Unwarranted Court Ordered Medication: A Call to
by James B. Gottstein, Esq.
(minor modifications to 4/24/2003; Section on Alternatives added 9/26/2004)
The purpose of this article is to outline a primarily legal process directed toward ending the wide spread practice of subverting the legal process and subjecting people diagnosed as mentally ill to unwarranted court orders requiring them to submit to harmful psychiatric medications. It is not the intent here to support the conclusions that these medications are dangerous, do great harm to many people and are actually counter-productive as widely used. Nor is it the purpose here to support the proposition that the legal process is being subverted. These are covered in other articles, such as Psychiatry: Force of Law, Scientific Research By Topic and Psychiatric Myths. The purpose of this article is to describe a campaign to try and bring honesty into the administration of this legal aspect of the mental health system. People who have a lot of experience with the mental health system, particularly "Mental Health Consumers," will say, "of course the system is extraordinarily unfair and harmful and based on lies." However, the vast majority of the general population not only has no idea what goes on, but will absolutely refuse to believe that the everyday horrors of the mental health system are true or widespread.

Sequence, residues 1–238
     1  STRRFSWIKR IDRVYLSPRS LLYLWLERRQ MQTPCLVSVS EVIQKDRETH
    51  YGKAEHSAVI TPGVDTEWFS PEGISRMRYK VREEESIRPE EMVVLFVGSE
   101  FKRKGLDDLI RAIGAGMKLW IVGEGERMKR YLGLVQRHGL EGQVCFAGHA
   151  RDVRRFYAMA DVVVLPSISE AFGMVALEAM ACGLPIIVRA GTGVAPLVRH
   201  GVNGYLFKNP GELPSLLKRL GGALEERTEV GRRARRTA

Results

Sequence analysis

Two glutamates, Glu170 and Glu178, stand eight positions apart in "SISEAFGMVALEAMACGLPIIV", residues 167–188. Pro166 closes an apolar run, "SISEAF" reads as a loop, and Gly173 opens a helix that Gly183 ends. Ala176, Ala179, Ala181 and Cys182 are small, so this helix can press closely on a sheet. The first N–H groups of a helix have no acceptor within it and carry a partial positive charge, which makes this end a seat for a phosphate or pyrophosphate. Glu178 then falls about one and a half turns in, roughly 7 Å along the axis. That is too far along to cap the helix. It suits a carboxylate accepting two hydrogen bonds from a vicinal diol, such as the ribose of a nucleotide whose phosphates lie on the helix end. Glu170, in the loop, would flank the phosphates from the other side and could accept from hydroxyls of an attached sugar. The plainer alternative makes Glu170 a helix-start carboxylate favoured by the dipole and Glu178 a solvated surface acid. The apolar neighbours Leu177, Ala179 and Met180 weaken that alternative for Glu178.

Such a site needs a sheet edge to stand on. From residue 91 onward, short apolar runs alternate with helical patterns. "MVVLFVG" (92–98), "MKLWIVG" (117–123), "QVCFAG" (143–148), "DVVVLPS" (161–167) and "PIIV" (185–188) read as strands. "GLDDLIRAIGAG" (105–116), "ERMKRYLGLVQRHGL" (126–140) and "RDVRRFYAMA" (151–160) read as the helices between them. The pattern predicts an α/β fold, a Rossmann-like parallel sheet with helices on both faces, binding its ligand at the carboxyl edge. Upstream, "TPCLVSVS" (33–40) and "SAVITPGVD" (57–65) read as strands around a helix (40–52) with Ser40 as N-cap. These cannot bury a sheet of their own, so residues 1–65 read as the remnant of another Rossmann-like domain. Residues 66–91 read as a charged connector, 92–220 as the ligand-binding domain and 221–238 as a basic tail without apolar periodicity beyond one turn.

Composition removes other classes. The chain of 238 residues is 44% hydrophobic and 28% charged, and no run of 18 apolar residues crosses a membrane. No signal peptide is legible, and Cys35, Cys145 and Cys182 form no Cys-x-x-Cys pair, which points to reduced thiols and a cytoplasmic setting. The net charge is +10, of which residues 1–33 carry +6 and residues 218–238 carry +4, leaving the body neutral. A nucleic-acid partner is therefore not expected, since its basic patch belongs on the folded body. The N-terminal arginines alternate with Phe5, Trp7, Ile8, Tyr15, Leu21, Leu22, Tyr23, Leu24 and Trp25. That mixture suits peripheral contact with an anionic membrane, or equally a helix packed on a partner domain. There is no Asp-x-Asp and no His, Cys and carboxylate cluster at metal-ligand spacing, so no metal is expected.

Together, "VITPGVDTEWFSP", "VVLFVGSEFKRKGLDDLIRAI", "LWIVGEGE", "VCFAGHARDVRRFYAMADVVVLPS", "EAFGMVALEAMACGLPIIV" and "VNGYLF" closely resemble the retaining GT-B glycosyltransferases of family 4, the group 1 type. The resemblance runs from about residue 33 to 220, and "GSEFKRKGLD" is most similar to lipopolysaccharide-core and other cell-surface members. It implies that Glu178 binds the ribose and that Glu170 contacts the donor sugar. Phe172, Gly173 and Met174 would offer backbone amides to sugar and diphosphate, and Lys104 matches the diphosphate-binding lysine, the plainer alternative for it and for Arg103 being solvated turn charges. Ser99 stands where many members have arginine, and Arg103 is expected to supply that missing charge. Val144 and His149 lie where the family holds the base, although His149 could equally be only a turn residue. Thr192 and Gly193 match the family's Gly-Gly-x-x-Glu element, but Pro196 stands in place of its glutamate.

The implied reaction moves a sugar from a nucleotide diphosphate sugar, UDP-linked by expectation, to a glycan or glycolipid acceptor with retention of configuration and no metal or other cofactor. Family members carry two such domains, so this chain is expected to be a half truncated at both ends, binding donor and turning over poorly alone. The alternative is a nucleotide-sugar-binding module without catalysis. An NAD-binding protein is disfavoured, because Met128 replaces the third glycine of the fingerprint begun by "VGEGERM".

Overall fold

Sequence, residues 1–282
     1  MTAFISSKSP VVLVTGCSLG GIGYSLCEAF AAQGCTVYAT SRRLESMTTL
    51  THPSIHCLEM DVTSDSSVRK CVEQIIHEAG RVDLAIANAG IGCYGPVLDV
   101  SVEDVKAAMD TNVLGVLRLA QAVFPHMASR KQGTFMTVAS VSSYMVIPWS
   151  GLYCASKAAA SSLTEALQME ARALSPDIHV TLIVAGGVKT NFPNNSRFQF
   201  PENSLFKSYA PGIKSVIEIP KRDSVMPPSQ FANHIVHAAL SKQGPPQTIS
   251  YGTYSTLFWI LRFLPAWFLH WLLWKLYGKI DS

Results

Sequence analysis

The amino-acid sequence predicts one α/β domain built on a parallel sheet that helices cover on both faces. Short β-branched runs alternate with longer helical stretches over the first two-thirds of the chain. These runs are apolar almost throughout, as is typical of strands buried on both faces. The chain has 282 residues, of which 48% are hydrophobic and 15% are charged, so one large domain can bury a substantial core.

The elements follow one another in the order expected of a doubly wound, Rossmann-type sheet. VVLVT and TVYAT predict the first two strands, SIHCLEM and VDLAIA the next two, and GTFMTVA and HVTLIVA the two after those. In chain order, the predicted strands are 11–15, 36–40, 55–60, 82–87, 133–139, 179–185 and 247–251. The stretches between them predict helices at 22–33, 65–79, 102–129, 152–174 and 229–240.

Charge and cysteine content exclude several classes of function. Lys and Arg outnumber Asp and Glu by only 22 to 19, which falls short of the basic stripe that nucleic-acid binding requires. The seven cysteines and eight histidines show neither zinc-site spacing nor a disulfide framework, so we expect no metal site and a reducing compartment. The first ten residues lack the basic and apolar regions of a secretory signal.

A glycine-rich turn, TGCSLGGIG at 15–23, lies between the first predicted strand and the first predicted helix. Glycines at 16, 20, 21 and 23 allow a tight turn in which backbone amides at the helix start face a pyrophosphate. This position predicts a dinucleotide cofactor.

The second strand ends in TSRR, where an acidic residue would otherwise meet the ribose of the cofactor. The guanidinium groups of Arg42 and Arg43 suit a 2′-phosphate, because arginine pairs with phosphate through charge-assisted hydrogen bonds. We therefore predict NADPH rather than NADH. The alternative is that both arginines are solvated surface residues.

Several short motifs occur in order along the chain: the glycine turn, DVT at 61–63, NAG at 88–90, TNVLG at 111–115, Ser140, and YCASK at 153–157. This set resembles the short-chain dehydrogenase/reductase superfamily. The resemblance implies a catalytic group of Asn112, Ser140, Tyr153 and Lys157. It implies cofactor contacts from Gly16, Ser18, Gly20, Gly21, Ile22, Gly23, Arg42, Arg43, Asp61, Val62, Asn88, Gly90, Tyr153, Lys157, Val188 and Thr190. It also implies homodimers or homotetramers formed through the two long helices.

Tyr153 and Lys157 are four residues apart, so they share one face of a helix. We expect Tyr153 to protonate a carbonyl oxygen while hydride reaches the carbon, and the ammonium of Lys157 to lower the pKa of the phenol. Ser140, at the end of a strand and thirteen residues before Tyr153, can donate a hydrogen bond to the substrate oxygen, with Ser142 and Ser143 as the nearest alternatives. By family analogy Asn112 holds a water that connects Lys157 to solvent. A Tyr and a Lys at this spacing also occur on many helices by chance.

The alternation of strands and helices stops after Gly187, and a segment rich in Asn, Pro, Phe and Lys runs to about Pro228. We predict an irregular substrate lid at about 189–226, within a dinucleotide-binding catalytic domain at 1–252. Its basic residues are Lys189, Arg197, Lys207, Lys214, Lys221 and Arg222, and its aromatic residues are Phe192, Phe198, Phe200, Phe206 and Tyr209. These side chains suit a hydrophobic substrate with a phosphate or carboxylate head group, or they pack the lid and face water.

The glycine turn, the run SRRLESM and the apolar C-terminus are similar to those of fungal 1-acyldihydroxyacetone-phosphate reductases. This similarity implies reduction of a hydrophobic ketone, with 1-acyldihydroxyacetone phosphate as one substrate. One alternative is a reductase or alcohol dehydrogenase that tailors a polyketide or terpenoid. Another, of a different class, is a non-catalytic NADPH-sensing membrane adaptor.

The current situation for mental health consumers/survivors/ex patients (C/S/X) or the "psychiatrized" can be analogized to the legal plight of African-Americans before the great legal campaign led by Thurgood Marshall and the NAACP in the 1940's and 1950's established their rights as full citizens and to be free from legally sanctioned (and mandated) discrimination. The thesis of this article is that a similar campaign should be mounted on behalf of people diagnosed with mental illness.
Most people will say, "But some people clearly need to be subjected to these kinds of court orders for the protection of the populace and themselves." The truth is, however, that this is the logic used for the wholesale locking up and over medicating people who do not meet the legal requirements for these court orders. In other words, the point is that the mental health system should be required to follow the constitutionally mandated and statutory rules as to who should be subject to these court orders.
The Force of Law article is intended to provide an overview of the legal setting, while this article is intended to describe what might be done about it. However, there are two primary legal concepts that drive this proposal: First, the science behind what is being done does not pass legal muster, and Second, the process by which forced medication and treatments are judicially approved are legally faulty in that perjury is regularly committed to obtain these court orders and, in some cases, the standards themselves are unsanctioned by the U.S. Supreme Court.
Outline of Action Plan